Sustainability proponents have celebrated the leadership of major cities to advance energy efficiency, electrified transportation and other climate change goals during the past decade. Urban leaders from around the world have established impressive collaborations to share information and develop common commitments. Entities as varied as the Rockefeller Foundation and the United Nations have supported urban sustainability initiatives.
The growing economic power of major cities is reflected in the fact that 43 major metropolitan regions generate about two-thirds of the world’s economic productivity and more than 85 percent of its innovations. Meanwhile, the U.N. projects that, by 2050, two-thirds of the population, or about 7 billion people, will live in urban areas primarily because of the economic opportunities they provide.
What is wrong with this picture?
The fly in our sustainable cities soup is that the world’s leading cities stand at the epicenter of economic and many other forms of inequality. Consider these worsening trends:
- Many urban areas in the U.S. and elsewhere are resegregating as wealthy and largely white people wall themselves off from adjacent neighborhoods to be among people like themselves.
- Rising housing prices have stymied the ability of aspiring homeowners and renters from living closer to their places of work.
- Suburbs, once the land of opportunity for aspiring middle classes, have declined as regions for economic growth, opportunity and stability. The number of poor people living in suburbs rose faster than in cities during the past decade.
- Exposure to pollution disproportionately affects people of color and lower incomes.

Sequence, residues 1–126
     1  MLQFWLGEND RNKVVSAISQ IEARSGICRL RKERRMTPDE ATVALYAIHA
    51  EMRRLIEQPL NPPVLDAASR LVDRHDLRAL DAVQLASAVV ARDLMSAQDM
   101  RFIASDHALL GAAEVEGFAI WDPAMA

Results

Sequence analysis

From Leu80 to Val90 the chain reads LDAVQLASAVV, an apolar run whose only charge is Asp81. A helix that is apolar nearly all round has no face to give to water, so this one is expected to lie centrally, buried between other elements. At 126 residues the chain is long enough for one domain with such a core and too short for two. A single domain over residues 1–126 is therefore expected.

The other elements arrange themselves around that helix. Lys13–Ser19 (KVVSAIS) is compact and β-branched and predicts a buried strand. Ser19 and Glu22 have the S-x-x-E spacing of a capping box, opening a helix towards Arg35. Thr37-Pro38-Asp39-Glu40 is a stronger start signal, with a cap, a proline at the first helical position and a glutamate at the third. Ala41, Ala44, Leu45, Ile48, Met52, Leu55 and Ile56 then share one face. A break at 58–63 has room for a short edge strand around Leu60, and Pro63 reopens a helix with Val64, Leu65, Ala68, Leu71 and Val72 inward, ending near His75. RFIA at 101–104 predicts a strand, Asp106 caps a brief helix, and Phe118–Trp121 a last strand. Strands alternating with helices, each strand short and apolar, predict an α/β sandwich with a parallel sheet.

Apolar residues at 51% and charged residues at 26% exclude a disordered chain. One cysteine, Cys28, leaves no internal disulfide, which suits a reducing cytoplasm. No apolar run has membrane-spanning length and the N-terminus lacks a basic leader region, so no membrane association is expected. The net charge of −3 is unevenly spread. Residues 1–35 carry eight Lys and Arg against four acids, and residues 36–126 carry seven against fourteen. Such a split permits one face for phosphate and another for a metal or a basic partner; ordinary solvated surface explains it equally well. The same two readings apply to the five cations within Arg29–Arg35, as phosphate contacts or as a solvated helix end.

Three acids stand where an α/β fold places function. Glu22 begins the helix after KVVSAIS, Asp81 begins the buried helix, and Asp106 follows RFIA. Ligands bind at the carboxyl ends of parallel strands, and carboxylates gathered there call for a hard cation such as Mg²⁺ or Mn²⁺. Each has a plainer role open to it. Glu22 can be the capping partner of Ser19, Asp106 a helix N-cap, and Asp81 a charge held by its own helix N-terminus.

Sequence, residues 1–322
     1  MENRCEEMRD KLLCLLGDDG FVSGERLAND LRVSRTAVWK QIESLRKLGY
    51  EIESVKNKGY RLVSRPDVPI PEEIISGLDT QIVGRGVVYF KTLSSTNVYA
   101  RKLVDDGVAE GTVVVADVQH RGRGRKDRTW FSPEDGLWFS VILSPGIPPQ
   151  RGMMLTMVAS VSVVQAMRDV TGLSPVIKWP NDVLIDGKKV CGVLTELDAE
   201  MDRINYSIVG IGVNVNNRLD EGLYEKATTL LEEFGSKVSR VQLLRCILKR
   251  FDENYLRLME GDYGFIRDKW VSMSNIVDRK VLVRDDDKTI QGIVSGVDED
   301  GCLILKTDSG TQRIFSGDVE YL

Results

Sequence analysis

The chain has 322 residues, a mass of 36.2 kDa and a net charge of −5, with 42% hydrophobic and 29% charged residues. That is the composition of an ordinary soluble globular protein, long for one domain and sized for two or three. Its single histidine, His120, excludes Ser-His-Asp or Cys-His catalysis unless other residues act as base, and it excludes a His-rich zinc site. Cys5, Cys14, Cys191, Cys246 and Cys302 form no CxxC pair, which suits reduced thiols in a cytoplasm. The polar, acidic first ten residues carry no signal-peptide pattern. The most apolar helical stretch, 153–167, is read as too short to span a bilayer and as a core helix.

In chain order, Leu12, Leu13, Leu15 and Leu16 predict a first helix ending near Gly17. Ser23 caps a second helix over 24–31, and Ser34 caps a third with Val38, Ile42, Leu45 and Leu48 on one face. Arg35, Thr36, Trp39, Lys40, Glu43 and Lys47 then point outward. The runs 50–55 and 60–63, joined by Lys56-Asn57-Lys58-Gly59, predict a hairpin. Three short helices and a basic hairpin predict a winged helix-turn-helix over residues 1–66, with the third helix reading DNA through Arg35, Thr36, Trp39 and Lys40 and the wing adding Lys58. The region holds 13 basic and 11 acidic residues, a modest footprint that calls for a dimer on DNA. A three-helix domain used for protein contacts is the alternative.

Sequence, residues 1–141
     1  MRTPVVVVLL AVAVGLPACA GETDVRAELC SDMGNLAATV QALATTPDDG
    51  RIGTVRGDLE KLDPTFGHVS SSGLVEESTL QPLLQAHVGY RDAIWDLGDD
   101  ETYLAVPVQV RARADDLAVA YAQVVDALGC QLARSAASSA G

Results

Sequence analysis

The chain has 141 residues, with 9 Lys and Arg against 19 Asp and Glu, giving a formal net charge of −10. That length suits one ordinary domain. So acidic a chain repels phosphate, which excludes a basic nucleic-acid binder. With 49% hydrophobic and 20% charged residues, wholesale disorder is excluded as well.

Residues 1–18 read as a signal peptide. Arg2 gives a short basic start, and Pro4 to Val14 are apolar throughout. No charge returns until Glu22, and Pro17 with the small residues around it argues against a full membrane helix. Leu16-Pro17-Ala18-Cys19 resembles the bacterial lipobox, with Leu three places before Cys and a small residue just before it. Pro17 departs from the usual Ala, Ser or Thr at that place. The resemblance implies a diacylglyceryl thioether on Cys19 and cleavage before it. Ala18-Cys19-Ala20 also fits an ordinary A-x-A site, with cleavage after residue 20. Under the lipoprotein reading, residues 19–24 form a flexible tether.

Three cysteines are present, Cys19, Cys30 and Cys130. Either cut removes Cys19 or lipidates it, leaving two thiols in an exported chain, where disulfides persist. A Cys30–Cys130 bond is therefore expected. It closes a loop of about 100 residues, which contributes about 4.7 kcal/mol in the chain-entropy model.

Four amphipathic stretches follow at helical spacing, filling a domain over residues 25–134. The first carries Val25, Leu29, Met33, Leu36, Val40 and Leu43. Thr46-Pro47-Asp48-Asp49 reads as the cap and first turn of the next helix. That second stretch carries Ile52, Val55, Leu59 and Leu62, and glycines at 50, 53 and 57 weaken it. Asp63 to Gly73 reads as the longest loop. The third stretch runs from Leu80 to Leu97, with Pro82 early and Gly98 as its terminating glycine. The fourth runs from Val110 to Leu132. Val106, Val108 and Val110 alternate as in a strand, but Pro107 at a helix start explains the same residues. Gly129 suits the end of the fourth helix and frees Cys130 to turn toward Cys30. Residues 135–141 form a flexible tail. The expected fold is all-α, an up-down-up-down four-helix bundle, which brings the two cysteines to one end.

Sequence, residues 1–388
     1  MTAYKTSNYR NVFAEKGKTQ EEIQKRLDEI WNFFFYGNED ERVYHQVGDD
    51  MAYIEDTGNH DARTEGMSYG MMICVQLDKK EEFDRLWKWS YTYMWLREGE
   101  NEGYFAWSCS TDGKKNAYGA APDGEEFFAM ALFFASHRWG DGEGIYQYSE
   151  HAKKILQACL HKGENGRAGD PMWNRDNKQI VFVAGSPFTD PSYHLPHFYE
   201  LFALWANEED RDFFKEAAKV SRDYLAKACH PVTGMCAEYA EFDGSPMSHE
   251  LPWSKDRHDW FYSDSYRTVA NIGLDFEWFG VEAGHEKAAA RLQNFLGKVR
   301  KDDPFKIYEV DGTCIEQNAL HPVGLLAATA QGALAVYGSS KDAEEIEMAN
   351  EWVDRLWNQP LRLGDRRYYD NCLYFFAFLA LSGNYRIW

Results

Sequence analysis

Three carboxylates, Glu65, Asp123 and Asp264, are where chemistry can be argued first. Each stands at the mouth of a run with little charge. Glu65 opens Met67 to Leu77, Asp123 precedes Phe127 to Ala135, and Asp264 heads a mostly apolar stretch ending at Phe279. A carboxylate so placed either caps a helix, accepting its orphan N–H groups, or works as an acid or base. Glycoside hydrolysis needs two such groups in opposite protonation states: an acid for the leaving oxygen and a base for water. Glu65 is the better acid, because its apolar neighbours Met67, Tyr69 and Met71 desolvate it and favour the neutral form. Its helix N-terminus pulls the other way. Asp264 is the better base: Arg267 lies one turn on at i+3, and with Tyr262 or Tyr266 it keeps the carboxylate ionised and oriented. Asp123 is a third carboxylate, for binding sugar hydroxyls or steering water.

Connecting these developments are two factors. The disappearing middle class, from 1970 to 2012, the share of American families living in middle-class neighborhoods declined from 65 to 40 percent; and the hyper-concentration of wealth in increasingly fewer areas. For example, just six metropolitan areas — the San Francisco Bay region, New York, Boston, Washington, D.C., San Diego and London — have received almost one-half of all high-tech venture capital in the entire world in recent years.
Why growing wealth concentration undermines sustainable cities
According to leading urban historian and analyst Richard Florida, two kinds of clustering occurs in cities — the cluster of specific firms and industries (such as information technology in Silicon Valley, finance in London and New York City, entertainment in Los Angeles) and the concentration of educated and talented people who seek opportunities in those locations.
Florida concludes in his important book “The New Urban Crisis” that what emerges is a self-reinforcing process that generates its own fundamental contradictions. “Although clustering drives growth,” he writes, “it also increases the competition for limited urban space; the more things cluster in space, the more expensive land gets; the most expensive land gets, the higher housing prices become and the more certain things get pushed out.”
What has evolved in the most successful metropolitan areas are three attributes fostering their rise to economic power and cultural influence — technology, talent and tolerance. This combination of a competitive business climate and a welcoming people climate, says Florida, “appealed to individuals and families of all types — single, married, with children or without, straight or gay.”
The factors catalyzing economic growth in larger cities are also driving inequality.
A closer look under the hood, however, reveals a striking discontinuity between such “progress” and its underlying environmental and societal costs. A just-released Oxfam study (based on research carried out by the Institute for European Environmental Policy and the Stockholm Environment Institute), concludes that by 2030: